Amos Cooper Dayton

Amos Cooper Dayton (1811–1865)[1]:4 was a physician, Baptist minister, author, editor and educator, perhaps best remembered for his religious novels of the late 1850s and his role in the Landmarkism movement.

Early life and education

Dayton was born at Plainfield, New Jersey, April 1, 1811,[note 1] the son of Robert Dayton and his wife. He attended local common schools, then went to college. Dayton graduated from medical college in 1834.

Marriage and family

Dayton married Lucinda H. Harrison and they had children together.


By 1839 Dayton and his wife had moved to Mississippi, where they lived in Columbus and Vicksburg, while he had a practiced as a dentist. He stayed there until 1852. Dayton was reared Presbyterian, but was influenced by meeting J.R. Graves. He united with the Baptists in 1852.

James Robinson Graves, Dayton, and James Madison Pendleton were known as "The Great Triumvirate" of the Landmark movement. From 1854 through 1858, Dayton was the corresponding secretary of the Southern Baptist Convention Bible Board. He moved with his family to Nashville, Tennessee to take the position. Both Graves and Dayton were members of the First Baptist Church of Nashville.

Dayton made significant contributions to the Landmark movement of the mid-nineteenth century in the area of religious fiction, which "popularized Landmark tenets."[1] His most serious novel, Theodosia Ernest, or, The Heroine of Faith, was published in 1856-1857 in two volumes. The first volume presented issues related to baptism, and the second discussed church polity. Theodosia Ernest originally appeared as a series in The Tennessee Baptist in 1855.[1]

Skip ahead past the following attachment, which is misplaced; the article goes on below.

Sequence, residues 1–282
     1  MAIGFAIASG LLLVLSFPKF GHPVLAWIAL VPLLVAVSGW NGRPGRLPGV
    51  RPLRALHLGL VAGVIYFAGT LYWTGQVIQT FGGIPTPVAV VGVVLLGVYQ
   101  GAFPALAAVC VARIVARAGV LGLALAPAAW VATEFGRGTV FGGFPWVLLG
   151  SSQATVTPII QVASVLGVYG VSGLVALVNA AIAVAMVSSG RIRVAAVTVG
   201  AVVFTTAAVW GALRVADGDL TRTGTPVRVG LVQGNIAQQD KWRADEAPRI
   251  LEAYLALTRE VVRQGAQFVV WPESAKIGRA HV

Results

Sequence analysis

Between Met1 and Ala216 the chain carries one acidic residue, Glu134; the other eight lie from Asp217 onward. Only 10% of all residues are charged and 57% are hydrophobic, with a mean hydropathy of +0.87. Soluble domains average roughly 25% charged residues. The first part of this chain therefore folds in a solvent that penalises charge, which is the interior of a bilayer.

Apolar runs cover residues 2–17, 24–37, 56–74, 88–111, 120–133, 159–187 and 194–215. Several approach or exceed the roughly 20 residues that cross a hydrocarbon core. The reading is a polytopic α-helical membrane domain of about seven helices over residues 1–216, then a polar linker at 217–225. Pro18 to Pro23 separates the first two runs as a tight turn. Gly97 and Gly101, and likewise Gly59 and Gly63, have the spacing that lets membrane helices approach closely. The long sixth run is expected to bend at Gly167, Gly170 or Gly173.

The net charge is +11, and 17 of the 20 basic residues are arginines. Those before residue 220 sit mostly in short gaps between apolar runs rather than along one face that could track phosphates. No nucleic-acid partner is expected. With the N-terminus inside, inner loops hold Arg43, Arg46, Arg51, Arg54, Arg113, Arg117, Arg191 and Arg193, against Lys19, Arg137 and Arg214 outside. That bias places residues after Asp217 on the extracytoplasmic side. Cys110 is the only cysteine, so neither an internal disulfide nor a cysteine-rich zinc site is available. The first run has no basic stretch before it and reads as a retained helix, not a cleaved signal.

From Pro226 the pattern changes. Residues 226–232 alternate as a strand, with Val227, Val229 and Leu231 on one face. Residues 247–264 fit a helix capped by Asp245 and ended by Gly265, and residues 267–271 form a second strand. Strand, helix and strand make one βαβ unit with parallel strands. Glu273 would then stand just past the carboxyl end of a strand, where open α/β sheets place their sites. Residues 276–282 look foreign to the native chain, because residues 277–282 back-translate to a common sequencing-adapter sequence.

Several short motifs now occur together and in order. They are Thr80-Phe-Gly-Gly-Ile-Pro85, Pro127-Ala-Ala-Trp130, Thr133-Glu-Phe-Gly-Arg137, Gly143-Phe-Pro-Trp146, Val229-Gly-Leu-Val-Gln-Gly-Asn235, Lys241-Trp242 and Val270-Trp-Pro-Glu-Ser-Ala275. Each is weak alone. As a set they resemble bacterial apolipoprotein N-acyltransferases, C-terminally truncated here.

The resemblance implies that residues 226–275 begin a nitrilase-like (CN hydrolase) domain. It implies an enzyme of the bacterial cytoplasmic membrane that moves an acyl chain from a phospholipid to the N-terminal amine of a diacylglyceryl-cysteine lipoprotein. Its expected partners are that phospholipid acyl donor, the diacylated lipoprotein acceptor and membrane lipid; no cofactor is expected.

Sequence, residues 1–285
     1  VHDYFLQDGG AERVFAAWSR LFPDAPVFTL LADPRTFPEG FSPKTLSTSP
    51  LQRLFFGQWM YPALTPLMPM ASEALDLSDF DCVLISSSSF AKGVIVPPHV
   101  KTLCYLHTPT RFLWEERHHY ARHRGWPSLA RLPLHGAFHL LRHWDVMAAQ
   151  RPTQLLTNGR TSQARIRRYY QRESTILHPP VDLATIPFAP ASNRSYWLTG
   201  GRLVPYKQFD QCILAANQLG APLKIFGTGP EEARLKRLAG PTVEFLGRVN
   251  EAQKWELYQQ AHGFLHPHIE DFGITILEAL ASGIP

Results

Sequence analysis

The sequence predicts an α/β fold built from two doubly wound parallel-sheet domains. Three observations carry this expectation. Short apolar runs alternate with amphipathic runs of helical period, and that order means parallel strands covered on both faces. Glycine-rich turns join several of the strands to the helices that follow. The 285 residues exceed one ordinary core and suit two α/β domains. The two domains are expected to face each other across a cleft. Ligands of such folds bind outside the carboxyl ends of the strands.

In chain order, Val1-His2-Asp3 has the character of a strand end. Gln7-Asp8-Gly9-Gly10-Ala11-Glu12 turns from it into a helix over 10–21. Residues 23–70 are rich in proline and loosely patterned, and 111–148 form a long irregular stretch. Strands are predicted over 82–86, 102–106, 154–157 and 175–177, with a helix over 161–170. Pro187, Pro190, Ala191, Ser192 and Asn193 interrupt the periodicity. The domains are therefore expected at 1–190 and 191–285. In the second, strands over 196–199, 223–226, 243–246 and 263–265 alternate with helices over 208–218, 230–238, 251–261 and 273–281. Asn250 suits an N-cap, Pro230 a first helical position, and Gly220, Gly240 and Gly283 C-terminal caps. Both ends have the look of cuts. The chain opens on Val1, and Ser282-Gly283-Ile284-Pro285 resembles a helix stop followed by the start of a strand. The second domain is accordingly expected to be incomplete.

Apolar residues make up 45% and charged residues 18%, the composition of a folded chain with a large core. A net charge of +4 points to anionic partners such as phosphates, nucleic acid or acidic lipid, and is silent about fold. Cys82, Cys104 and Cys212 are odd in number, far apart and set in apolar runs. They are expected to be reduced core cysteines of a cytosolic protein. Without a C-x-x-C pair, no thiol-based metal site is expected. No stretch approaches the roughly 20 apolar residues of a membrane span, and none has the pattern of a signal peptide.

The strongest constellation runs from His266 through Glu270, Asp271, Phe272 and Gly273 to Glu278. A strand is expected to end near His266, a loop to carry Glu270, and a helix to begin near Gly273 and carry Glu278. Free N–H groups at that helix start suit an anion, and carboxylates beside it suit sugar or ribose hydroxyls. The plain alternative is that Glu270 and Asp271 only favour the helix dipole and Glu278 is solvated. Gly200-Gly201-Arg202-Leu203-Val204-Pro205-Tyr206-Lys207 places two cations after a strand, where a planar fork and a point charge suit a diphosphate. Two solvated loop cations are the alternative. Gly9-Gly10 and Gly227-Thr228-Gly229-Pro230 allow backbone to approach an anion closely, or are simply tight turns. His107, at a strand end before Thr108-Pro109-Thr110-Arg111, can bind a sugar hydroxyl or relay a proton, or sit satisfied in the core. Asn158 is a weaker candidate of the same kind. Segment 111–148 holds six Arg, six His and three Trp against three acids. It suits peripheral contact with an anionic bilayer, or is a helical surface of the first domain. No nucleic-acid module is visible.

In 1857, R.B.C. Howell, a critic of Landmarkism, became pastor for a second tenure at First Baptist of Nashville, where he served until 1868. Howell had a struggle for control with Graves, described as the greatest controversy for the Southern Baptists until the "fundamentalist-moderate" controversy of the last decades of the twentieth century.[1]:85 It resulted in arguments over church discipline, and Graves' being excluded from the church and Dayton's being forced to resign from the Bible Board.

In 1858, Dayton published Pedobaptist and Campbellite Immersions, a review of numerous Baptist writers on issues related to baptism. It is considered the classic Landmark statement on this topic.[1] He also served as associate editor of The Tennessee Baptist for about 18 months in 1858-1859.

J. R. Graves was the most prolific writer and outstanding leader of the Landmark movement. But, the 20th-century theologian J. E. Tull concluded that Dayton's 1858 book was "the most cogent attack upon 'alien immersions' which the Landmark movement produced." [2]

He published the Baptist Banner in Atlanta, Georgia (1863–1864). At the time, he was pastor of Houston Lake Baptist Church and First Baptist Church, and the president of Houston Female Institute, all in Perry, Georgia.


Dayton died of tuberculosis at Perry, Georgia on June 11, 1865. He was buried in the Evergreen Cemetery.



  1. In Tull's history, the birth year is given as 1811.


Further reading

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